"Nice" = "Being overly giving, thoughtful, and considerate as a way to get people to want to spend time with you"

"Nice" people pleasers are driven by fear. Another motivation some "nice" people have is that somewhere along the line they started to believe that being nicer than average is a valuable social commodity that will pay off in the form of friendships, romantic relationships, promotions, appreciation, respect, and so on. Often they're not fully conscious that they're operating on this principle. Some of the nice things they may do are:

Again, some of their actions may overlap with those of a people pleaser, but their motivations are different. A people pleaser may help a friend move because he can't say no, even though he doesn't want to do it. The type of nice person I'm describing in this section will happily volunteer to help their friend move, even if it is a hassle, because on some level they think it will earn them points. Naturally, some "nice" people hold a mix of both sets of motivations.

People who are nice in this way are often disappointed when their ultra-nice style doesn't translate into the relationships and admiration they hoped it would. The fact is most people don't place a huge amount of value on above-and-beyond niceness. It's not that they disregard niceness completely. It's just that the majority of humans are pretty nice. Being fairly nice is a bare minimum social expectation. Once someone meets that standard, additional niceness isn't given a ton of weight. When they're choosing who to be friends with, people place more importance on other factors like having similar interests and values, sharing the same sense of humor, whether they have fun together, etc. If a "nice" person does something for them they'll still take it and enjoy it in the moment, but it's not going to really sway their overall opinion on whether they're desirable as a friend.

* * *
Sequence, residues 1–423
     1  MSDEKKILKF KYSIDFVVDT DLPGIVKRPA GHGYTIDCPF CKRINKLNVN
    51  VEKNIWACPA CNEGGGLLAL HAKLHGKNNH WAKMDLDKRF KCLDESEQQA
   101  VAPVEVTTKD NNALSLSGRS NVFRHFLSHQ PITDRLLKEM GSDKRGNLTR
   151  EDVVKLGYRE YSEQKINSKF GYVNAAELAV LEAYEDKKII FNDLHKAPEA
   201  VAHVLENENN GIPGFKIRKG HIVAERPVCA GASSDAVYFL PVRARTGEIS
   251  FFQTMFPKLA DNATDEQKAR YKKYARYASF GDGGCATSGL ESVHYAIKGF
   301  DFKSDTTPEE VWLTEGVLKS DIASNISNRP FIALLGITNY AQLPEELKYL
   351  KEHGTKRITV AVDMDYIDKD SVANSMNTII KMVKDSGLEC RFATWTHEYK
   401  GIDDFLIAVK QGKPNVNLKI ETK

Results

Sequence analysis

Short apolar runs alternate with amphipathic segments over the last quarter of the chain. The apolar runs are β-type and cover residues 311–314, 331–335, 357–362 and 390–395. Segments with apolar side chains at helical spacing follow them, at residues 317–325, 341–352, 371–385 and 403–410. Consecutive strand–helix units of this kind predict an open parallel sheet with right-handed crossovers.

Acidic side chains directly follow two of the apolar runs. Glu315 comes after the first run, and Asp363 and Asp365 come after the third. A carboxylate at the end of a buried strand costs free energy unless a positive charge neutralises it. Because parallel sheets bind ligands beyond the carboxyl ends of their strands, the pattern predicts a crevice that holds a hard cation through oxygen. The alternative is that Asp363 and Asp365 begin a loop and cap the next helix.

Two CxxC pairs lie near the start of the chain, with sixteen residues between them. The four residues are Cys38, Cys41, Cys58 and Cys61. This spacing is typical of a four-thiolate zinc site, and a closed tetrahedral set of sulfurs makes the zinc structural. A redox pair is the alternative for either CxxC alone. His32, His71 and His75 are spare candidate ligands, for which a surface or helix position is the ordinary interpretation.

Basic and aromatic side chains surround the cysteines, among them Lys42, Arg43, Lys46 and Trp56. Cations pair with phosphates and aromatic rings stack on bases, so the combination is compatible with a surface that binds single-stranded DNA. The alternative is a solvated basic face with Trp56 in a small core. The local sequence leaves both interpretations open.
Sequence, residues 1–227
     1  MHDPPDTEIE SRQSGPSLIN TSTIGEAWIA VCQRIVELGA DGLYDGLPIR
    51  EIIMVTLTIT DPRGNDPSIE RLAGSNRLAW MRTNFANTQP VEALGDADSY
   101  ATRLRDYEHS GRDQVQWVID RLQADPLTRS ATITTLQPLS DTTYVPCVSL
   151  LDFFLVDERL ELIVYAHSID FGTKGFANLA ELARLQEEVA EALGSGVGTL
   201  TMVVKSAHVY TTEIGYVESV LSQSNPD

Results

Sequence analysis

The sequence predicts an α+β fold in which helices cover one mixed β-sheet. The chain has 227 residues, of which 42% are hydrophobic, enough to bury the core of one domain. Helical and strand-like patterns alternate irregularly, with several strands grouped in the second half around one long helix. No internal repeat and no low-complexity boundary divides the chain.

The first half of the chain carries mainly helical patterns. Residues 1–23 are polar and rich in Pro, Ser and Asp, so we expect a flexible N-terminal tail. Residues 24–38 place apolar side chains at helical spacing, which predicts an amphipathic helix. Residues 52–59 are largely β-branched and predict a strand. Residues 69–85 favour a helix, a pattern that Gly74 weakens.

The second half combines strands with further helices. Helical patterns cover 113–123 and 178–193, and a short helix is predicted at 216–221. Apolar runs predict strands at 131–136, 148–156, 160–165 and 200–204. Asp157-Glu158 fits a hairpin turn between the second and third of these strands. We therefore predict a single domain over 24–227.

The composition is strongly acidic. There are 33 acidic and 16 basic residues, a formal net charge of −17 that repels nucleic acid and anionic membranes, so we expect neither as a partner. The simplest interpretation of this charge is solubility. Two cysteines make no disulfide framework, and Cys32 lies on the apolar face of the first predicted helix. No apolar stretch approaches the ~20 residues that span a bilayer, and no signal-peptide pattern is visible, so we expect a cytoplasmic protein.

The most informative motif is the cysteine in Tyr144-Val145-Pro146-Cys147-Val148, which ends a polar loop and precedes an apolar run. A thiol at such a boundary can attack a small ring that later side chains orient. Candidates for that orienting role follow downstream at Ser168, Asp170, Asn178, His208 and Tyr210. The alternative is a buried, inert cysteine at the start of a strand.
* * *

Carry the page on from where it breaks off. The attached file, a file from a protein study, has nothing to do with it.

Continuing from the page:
Not only that, but above-average niceness can be a liability: